NASA to sequence DNA in space for first time

| | July 14, 2016

The GLP aggregated and excerpted this blog/article to reflect the diversity of news, opinion and analysis.

Newly arrived space station astronaut Kate Rubins will attempt to complete the first full-blown DNA decoding, or “sequencing,” in orbit with a pocket-size device that should be delivered [late July].

“We’re really interested in how this works in microgravity. It’s never been done before,” she said in an interview with the Associated Press…four days after arriving at the International Space Station.

She said the benefits of DNA sequencing in space are huge. She noted it also could prove useful in remote locations on Earth.

Researchers will better understand bone loss and microbial changes in space…thanks to this new research.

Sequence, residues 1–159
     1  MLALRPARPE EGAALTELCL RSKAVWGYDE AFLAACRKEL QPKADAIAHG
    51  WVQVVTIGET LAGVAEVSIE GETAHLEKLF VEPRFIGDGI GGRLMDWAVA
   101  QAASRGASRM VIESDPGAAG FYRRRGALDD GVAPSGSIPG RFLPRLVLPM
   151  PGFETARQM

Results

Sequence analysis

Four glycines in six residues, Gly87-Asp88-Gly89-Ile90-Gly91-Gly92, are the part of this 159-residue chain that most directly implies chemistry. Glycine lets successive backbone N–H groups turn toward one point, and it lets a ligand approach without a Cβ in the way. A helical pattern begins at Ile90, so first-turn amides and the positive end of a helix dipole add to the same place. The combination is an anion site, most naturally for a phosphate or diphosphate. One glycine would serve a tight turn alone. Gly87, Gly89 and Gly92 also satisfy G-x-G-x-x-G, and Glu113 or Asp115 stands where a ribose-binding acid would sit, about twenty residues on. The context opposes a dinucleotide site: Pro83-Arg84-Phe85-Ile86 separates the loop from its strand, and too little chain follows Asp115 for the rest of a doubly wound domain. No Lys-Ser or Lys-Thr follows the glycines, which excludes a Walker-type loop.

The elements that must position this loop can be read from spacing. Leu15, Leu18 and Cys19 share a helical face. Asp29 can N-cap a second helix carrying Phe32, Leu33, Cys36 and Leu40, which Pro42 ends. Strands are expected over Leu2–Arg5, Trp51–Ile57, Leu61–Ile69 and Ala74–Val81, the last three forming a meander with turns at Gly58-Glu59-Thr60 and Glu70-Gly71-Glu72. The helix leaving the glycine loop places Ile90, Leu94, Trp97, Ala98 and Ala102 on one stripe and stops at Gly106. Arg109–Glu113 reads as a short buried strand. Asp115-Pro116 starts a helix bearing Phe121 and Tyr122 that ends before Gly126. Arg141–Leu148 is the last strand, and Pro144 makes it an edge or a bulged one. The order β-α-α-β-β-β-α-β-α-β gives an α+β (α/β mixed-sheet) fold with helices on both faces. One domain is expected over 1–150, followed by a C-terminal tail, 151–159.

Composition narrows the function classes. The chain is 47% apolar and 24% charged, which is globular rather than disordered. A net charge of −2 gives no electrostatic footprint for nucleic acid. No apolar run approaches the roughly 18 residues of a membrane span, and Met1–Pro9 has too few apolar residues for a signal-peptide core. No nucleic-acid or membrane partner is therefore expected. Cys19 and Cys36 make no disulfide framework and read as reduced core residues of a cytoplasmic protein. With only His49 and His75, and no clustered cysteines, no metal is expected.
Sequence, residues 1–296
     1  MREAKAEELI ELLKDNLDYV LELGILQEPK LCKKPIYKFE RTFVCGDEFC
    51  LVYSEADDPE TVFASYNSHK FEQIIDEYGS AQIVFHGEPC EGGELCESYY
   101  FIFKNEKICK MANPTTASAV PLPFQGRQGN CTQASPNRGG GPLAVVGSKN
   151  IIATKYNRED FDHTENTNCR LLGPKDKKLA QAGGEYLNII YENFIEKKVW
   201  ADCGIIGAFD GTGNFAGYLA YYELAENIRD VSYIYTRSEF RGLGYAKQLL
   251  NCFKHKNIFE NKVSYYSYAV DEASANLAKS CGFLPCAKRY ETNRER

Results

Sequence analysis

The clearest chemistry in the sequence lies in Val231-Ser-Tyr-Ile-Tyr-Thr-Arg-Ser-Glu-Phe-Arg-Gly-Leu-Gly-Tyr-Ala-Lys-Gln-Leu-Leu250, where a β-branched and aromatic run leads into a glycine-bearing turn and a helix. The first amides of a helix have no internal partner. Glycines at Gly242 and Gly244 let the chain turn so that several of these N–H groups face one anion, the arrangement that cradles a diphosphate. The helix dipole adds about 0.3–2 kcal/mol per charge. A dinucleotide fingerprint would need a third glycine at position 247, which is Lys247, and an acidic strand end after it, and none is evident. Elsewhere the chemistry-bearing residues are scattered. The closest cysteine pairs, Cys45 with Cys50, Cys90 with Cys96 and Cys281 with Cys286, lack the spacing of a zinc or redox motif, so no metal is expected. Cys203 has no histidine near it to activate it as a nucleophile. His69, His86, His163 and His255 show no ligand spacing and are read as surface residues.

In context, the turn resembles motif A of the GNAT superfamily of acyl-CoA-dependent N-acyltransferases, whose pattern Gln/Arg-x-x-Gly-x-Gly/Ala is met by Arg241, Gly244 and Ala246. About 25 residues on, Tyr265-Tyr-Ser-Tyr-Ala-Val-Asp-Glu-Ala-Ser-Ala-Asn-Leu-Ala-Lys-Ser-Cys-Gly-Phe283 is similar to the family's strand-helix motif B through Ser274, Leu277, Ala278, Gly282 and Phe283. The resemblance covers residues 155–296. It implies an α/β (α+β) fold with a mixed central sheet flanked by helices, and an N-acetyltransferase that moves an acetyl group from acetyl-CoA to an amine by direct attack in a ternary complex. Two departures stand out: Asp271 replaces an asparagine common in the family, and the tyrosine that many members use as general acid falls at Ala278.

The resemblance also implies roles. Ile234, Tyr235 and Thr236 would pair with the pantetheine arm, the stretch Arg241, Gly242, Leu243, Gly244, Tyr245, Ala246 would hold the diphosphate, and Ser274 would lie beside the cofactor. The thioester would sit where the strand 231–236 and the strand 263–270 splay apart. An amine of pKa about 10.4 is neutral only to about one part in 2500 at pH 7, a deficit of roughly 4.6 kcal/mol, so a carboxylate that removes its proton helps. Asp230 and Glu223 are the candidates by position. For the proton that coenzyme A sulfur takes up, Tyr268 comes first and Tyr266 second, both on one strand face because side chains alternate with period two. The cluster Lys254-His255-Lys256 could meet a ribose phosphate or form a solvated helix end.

“But it also actually has a benefit for the Earth-based research as well,” she said. “When we do things in a remote environment up here, we can understand how these technologies might work in remote places on Earth that don’t have access to good medical care.”

NASA is interested in another potential application: the detection of life. Officials acknowledge more development would be needed for that capability at Mars and elsewhere.

Read full, original post: First virus-hunter in space will test DNA-decoding device

The GLP aggregated and excerpted this article to reflect the diversity of news, opinion, and analysis. Click the link above to read the full, original article.
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